Male partners’ participation in birth preparedness and compl
Maternal and neonatal health outcomes remain a challenge in low- and middle-income countries (LMICs) despite priority given to involving male partners in birth preparedness and complication readiness (BPCR). Men in LMICs often determine women’s access to and affordability of health services.

This systematic review and meta-analysis determined the pooled magnitude of male partner’s participation in birth preparedness and complication readiness in LMICs.

Literature published in the English language from 2004 to 2019 was retrieved from Google Scholar, PubMed, CINAHL, Scopus, and EMBASE databases. The Joanna Briggs Institute’s critical appraisal tool for prevalence and incidence studies was used. Thirty-seven studies with a total of 17, 148 participants were included.

- The pooled results showed that 42.4% of male partners participated in BPCR.

- Among the study participants, 54% reported having saved money for delivery, whereas 44% identified skilled birth attendants.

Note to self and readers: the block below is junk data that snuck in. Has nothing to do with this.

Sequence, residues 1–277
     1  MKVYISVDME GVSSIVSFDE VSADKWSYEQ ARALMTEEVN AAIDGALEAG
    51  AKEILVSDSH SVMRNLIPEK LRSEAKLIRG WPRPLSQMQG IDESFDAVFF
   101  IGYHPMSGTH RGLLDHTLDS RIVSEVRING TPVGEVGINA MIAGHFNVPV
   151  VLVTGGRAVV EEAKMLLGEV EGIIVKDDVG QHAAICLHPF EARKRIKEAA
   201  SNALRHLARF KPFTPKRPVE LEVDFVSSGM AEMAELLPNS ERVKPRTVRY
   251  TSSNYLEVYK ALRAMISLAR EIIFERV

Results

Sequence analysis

- 45.8% of male partners arranged transportation and 57.2% of study participants identified health facilities as a place of birth. Only 16.1% of the male partners identified potential blood donors.

A low proportion of male partners were identified to have participated in BPCR in LMICs. This calls countries in low- and middle-income settings for action to review their health care policies, remove the barriers, and promote facilitators to male partner’s involvement in BPCR.

BMC Pregnancy and Childbirth